As of 28 July, the UK had the highest COVID-19 deaths per 1,00,000 people in the world. But this could be attributed to a number of causes, such as low testing, ageing population and a high obesity rate. Moreover, UK was one of the nations to go into lockdown much later, introducing it only on 23 March.
According to a former government adviser, Professor Neil Ferguson, the number of coronavirus deaths in the UK would have been halved if lockdown had been introduced a week earlier.
After the lockdown was introduced, UK started reporting lower cases.
Now, with regard to Sweden, the government there never implemented a strict lockdown or stay-at-home orders of any kind, instead opting for a soft lockdown and advising its population to follow social distancing. It also had a lower testing rate than many of its neighbours. All these factors need to be taken into account for its fatality rate.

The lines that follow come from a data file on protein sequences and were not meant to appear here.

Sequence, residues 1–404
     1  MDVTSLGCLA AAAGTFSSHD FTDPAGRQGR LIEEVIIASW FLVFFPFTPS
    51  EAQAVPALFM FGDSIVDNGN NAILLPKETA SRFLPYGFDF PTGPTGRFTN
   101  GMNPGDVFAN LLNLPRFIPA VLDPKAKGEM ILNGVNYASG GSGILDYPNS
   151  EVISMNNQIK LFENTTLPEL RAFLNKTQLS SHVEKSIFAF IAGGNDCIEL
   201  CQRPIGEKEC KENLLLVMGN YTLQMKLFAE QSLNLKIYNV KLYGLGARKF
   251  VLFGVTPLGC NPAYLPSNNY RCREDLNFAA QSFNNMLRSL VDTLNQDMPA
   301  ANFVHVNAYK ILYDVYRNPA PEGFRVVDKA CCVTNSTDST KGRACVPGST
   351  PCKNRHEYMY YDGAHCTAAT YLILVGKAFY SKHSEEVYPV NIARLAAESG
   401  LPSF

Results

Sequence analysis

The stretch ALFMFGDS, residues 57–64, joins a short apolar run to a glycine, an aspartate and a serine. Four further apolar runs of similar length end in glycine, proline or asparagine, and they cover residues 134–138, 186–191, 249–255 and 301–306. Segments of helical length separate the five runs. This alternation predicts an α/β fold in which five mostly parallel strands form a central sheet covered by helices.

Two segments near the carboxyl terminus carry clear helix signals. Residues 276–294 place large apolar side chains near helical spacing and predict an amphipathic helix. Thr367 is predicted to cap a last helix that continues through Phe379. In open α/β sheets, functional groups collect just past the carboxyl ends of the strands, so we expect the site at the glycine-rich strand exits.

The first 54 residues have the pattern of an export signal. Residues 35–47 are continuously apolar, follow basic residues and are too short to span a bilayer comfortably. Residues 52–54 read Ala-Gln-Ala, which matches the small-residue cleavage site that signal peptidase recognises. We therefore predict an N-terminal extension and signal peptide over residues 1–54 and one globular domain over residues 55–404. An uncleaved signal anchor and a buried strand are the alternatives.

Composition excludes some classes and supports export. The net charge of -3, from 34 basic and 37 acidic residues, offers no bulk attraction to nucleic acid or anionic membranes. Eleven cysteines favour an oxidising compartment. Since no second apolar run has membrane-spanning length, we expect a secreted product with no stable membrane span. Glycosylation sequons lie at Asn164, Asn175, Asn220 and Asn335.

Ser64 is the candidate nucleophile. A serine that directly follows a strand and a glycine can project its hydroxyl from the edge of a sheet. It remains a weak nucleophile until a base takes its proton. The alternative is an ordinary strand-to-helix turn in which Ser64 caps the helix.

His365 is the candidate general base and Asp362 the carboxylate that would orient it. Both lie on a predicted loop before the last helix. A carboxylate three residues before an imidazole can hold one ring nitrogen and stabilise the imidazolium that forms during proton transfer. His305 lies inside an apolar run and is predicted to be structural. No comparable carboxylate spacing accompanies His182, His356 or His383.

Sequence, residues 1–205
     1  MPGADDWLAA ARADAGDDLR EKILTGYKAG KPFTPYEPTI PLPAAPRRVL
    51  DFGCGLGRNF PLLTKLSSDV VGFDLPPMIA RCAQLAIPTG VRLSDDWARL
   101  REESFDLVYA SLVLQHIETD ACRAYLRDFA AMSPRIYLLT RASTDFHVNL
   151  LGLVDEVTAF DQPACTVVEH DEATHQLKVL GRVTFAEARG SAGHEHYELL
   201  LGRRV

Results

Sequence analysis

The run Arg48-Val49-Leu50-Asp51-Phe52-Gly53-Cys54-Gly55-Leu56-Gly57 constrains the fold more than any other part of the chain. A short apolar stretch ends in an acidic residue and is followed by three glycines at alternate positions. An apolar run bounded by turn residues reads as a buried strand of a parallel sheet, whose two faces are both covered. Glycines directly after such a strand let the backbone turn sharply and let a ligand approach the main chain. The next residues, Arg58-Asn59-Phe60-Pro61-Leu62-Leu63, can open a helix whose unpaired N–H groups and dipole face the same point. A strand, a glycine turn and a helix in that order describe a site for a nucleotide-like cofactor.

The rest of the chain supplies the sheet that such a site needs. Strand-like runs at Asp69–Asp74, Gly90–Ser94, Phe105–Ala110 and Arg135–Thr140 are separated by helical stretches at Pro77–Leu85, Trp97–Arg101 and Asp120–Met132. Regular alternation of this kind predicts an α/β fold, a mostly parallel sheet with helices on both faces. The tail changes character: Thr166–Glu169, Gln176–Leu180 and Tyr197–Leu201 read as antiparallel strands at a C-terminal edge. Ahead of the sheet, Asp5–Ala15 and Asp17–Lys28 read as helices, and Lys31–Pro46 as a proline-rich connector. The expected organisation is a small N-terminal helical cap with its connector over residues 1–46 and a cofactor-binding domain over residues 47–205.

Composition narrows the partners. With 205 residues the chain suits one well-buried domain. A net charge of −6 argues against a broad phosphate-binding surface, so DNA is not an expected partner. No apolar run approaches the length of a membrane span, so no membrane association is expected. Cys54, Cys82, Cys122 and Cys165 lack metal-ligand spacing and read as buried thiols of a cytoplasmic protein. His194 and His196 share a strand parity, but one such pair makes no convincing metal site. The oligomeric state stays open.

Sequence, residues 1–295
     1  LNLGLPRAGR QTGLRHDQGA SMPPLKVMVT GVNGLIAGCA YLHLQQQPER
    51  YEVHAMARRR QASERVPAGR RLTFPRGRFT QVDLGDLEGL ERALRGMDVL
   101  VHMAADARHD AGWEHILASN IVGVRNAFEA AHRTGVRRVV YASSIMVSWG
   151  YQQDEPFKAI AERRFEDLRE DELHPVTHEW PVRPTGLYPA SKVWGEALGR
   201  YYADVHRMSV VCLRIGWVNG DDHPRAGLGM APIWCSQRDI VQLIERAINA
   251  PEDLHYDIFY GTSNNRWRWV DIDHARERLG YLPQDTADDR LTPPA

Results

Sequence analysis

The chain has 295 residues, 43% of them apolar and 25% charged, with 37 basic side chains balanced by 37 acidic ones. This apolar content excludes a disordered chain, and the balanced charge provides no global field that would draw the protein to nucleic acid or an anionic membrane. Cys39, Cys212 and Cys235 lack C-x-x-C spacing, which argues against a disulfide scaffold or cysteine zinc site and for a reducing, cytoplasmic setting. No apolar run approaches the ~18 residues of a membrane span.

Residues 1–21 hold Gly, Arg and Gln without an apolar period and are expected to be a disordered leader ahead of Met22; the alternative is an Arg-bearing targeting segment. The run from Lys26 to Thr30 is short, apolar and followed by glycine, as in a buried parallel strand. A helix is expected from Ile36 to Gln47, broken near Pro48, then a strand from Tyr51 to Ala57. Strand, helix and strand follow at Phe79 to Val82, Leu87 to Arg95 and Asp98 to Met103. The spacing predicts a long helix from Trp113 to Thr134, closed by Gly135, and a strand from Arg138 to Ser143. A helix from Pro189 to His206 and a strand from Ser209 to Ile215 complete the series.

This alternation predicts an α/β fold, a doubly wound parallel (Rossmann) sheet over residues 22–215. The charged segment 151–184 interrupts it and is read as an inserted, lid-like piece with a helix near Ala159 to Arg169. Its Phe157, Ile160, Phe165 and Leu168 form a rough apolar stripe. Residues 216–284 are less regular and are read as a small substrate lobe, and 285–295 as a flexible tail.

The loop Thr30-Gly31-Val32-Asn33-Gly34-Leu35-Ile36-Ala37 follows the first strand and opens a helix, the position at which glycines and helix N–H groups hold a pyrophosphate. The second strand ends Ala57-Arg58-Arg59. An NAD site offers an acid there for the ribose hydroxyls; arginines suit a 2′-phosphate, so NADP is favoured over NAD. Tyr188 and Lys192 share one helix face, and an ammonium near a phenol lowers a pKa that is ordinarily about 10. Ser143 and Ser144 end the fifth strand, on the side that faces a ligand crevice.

So, Who Are These Doctors?
DR SIMONE GOLD
Some of the doctors speaking at the press conference have quite a reputation preceding them.
Dr Simone Gold, a doctor and lawyer and the founder of America’s Frontline Doctors, is a “Concierge Immediate Needs Physician”, according to an archive of her website and also a board certified emergency physician.
According to NBC News, Gold was among the doctors who sent a letter to President Trump in May this year warning that state lockdown efforts would lead to "millions of casualties."
But there are some dubious facts about Dr Gold. According to her website, she worked in Washington D.C. for the Surgeon General, as well as for the Chairman of the Labor & Human Resources Committee.
But according to Huffington Post, a spokesperson for the Department of Health and Human Services, which houses the Office of the Surgeon General, could not confirm that Gold worked in the office.
Similarly, FactCheck.org reported that in April, Gold made some videos about her “experience practicing emergency medicine in this era of the COVID-19 crisis” standing outside the Cedars-Sinai Medical Center in Los Angeles wearing a white coat embroidered with her name above the words “Emergency Dept.”